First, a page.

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Driving Tips in Australia

Driving in Australia

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Depot Information

We search & compare the lowest rates on a range of car hire from the best suppliers throughout Australia. Our Suppliers are located throughout major and remote areas of Australia. Airport collections offer convenience with depots located in the airport terminal or shuttle services where available. Click here for more information

Driving Distances in Australia

Driving Licence

A full valid driver's licence is required for a minimum of 1 year. An international drivers licence is required for all foreign licence holders that are not in English.

Age Restrictions

Generally the minimum age is 21 years, but can vary between the car hire company and location. Maximum age limits apply in some locations, a young/senior driver surcharge may apply. Please check terms & conditions when making an enquiry or booking.

Rules and Regulations

General driving rules, laws and regulations in Australia:


Whilst there are no laws regarding equipment you must carry with you in the vehicle; it is important to make sure you are prepared for whatever driving conditions you may endure.

Child Safety Seats

Children under the age of seven must be seated in the back seats of the vehicle in either a booster seat or child restraint seat.

Speed Limits

Speeding is taken seriously in Australia, if caught heavy fines apply, loss of licence/vehicle and possible imprisonment. Speed Cameras are used throughout Australia to catch speeding motorists.

Drink Driving

Australia has strict laws about drinking alcohol and driving. Police in Australia have the authority to stop any vehicle and conduct a breath test with the driver. Full licence holders in Australia have a legal Blood Alcohol Content (BAC) of 0.05 g/100ml. Provisional and Learner licences have a zero BAC level. The best advice when driving is to have a zero BAC level. Police will also perform regular roadside Random Breath Testing (RBT) of drivers in metropolitan and rural areas.

The use and possession of illegal drugs is strictly prohibited; heavy fines apply and possible imprisonment.


Tolls are found along the eastern states of Australia; New South Wales, Queensland and Victoria. Tolls are mainly collected electronically by an electronic tag (E-Tag) fitted to the front window screen, which debits the fee from the toll holders account when passing the toll collection point. Temporary passes can be purchased, or you can go online or call after using the toll and advise your vehicle registration.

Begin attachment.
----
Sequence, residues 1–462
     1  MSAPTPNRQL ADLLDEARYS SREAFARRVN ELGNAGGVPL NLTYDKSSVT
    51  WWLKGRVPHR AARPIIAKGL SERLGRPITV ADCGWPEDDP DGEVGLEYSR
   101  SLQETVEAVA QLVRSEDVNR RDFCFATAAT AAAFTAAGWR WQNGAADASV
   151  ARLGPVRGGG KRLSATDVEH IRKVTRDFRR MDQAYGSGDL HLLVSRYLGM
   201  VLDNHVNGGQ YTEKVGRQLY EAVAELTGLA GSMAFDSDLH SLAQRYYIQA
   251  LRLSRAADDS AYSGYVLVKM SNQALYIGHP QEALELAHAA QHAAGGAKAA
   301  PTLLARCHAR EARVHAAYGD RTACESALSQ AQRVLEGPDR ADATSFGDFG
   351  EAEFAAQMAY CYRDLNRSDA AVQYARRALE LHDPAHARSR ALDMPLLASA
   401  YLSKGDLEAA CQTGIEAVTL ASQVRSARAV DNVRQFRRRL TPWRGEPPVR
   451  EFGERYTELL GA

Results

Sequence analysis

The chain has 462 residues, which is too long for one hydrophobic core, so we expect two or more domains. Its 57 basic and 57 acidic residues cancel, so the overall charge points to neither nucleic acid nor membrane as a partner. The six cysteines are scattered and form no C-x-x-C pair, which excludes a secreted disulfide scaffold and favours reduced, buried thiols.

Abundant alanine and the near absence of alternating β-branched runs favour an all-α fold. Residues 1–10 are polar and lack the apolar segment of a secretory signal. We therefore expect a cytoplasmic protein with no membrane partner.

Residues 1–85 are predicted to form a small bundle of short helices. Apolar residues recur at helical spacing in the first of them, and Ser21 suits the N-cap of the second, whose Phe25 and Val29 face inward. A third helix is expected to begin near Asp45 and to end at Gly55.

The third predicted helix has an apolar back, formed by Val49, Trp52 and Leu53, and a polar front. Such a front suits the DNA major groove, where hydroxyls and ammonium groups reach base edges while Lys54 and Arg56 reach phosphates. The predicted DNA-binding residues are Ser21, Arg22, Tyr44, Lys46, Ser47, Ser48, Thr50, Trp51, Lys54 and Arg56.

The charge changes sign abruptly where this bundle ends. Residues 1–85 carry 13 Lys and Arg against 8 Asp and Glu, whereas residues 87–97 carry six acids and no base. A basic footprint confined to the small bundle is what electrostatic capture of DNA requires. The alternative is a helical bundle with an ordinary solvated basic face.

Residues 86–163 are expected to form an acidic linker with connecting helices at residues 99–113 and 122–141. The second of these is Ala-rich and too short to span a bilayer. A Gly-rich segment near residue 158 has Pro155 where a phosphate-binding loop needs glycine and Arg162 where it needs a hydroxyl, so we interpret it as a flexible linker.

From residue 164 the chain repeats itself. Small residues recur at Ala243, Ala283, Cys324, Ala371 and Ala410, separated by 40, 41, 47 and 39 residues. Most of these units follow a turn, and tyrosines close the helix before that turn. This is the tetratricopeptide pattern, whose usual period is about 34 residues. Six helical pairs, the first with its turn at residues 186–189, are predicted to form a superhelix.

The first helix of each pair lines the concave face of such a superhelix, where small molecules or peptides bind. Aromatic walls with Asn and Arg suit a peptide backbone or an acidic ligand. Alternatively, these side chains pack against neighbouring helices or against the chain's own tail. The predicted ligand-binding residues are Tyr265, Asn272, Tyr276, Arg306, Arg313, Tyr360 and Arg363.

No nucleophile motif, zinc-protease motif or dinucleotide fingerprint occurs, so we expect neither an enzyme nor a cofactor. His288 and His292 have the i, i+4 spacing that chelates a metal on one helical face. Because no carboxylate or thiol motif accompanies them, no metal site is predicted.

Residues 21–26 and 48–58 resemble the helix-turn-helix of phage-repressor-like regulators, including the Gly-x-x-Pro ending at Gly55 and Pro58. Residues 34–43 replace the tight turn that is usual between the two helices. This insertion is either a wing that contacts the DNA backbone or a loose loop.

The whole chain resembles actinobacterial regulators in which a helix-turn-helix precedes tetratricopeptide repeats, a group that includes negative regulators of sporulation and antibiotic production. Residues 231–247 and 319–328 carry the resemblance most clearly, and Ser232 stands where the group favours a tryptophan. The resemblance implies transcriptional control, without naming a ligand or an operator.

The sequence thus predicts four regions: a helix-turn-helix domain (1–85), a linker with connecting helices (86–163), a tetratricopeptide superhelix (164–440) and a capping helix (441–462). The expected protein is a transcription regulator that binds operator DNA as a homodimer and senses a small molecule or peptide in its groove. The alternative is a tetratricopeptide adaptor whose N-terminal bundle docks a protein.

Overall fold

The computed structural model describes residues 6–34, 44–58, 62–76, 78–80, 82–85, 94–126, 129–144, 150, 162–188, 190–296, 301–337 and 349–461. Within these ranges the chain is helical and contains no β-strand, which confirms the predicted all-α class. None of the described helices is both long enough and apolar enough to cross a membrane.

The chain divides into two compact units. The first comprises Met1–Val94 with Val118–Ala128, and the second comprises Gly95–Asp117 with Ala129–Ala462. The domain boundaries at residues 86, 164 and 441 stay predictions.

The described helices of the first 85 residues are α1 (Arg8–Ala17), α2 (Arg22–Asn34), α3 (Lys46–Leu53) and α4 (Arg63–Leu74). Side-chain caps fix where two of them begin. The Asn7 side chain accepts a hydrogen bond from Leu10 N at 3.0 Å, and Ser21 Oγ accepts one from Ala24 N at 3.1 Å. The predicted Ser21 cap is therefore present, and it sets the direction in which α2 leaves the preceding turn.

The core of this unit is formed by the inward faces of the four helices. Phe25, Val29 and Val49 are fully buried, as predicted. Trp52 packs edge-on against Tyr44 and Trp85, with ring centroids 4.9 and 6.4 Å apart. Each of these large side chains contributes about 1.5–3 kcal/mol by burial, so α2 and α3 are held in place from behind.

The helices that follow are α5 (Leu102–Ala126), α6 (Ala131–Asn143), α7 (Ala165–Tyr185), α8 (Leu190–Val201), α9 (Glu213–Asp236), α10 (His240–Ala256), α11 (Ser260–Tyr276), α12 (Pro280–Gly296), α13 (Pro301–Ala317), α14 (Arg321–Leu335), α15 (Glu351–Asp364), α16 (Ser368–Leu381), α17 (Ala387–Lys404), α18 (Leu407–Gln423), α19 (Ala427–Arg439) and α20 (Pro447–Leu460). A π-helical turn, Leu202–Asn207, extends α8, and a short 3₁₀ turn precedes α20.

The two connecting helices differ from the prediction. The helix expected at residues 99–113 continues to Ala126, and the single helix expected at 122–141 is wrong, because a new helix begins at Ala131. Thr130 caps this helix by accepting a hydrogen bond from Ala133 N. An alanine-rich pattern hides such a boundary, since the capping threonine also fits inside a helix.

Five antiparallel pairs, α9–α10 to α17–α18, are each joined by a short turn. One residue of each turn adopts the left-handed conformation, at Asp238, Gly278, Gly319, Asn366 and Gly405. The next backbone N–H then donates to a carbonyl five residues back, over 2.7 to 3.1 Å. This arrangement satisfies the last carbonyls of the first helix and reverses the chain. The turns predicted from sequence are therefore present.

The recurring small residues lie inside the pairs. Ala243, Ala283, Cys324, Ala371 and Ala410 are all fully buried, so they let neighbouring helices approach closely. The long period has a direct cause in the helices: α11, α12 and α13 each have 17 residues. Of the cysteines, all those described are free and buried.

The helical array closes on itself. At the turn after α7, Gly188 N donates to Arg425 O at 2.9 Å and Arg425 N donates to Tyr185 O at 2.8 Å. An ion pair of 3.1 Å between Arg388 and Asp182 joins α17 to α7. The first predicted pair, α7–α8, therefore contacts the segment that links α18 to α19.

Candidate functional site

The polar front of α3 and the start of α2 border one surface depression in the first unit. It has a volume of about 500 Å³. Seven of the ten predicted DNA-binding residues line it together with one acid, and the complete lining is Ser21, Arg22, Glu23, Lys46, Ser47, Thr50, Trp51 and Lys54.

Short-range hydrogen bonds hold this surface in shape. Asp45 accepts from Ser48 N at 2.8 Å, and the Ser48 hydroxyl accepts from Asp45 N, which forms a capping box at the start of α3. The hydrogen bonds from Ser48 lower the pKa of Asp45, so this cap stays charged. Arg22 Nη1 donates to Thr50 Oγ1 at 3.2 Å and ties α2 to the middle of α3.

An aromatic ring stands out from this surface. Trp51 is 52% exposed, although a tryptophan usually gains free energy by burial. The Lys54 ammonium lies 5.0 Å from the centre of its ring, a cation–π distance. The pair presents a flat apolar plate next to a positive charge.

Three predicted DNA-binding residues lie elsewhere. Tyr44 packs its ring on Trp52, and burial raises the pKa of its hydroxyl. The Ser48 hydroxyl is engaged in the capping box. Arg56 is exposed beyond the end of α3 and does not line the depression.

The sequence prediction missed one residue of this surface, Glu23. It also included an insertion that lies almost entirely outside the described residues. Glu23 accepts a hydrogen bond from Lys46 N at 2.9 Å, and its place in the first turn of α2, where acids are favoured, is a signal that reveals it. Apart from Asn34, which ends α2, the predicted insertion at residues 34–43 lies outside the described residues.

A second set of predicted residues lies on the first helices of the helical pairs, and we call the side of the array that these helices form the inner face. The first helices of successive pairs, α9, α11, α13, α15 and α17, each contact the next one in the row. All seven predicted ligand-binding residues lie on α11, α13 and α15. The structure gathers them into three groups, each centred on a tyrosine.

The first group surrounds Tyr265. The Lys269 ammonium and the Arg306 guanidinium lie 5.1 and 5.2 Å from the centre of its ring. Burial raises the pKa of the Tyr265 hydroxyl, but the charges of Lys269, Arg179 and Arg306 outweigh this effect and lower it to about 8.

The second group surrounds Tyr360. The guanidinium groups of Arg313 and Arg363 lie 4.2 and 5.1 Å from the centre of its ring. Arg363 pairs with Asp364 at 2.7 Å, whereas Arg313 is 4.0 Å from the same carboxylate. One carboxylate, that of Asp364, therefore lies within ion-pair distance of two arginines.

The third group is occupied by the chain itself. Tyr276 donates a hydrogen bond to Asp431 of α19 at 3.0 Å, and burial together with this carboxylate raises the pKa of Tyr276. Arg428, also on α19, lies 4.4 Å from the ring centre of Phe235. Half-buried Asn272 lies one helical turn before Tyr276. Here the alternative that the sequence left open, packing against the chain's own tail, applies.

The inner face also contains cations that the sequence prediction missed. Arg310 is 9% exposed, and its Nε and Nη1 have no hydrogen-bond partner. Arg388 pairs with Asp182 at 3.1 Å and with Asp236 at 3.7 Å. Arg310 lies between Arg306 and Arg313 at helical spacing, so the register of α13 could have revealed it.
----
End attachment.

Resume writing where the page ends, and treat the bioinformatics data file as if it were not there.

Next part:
Fee's may vary in price depending on either the time of the day, distance travelled or size of vehicle.

Road Signs

Australian Road Signs are in English and are quite easy to understand. Motorists must obey all road signs.


There are many various forms of parking in Australia, both paid and free parking exist. Parking within the cities are mostly timed and attract a fee, while in the suburbs and rural areas parking is free but may be timed. Be sure to check signage before leaving your vehicle.

Winter Driving

For traveling through the Australian snow fields you may need some extra information and equipment.

Driving in the Outback

The Outback is filled with lots of space but few people and services, so there may be a substantial amount of time before anyone will pass you should you break down. It’s a desert after all and during peak summer months temperatures can reach 45°C (113°F) and over 50°C (122°F). Always carry at least 10L of drinking water and additional food. Take advantage of truck stops and roadhouses for an overnight stay or simply pull over to take a nap if you feel drowsy.

All information provided is to be used as a guide only. Distances and time may very according to the route taken. The information shown on this page may have changed since the date of publication. Please refer to the countries local tourist office for up-to-date advice. Last updated: November 2016